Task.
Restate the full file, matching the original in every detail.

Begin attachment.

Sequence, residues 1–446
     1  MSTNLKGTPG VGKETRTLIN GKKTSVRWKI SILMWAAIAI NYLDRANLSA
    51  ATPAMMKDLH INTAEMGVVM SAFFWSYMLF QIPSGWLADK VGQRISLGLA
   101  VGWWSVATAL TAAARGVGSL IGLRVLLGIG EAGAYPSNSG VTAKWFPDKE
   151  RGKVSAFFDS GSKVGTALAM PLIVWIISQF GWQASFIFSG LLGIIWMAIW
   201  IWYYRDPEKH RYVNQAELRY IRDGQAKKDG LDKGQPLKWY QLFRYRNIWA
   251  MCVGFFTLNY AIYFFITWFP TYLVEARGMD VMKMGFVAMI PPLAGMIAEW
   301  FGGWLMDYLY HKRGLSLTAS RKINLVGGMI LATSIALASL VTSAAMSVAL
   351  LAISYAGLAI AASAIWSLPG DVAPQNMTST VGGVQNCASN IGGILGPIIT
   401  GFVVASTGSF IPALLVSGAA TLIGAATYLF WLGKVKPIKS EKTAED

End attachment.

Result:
Sequence, residues 1–446
     1  MSTNLKGTPG VGKETRTLIN GKKTSVRWKI SILMWAAIAI NYLDRANLSA
    51  ATPAMMKDLH INTAEMGVVM SAFFWSYMLF QIPSGWLADK VGQRISLGLA
   101  VGWWSVATAL TAAARGVGSL IGLRVLLGIG EAGAYPSNSG VTAKWFPDKE
   151  RGKVSAFFDS GSKVGTALAM PLIVWIISQF GWQASFIFSG LLGIIWMAIW
   201  IWYYRDPEKH RYVNQAELRY IRDGQAKKDG LDKGQPLKWY QLFRYRNIWA
   251  MCVGFFTLNY AIYFFITWFP TYLVEARGMD VMKMGFVAMI PPLAGMIAEW
   301  FGGWLMDYLY HKRGLSLTAS RKINLVGGMI LATSIALASL VTSAAMSVAL
   351  LAISYAGLAI AASAIWSLPG DVAPQNMTST VGGVQNCASN IGGILGPIIT
   401  GFVVASTGSF IPALLVSGAA TLIGAATYLF WLGKVKPIKS EKTAED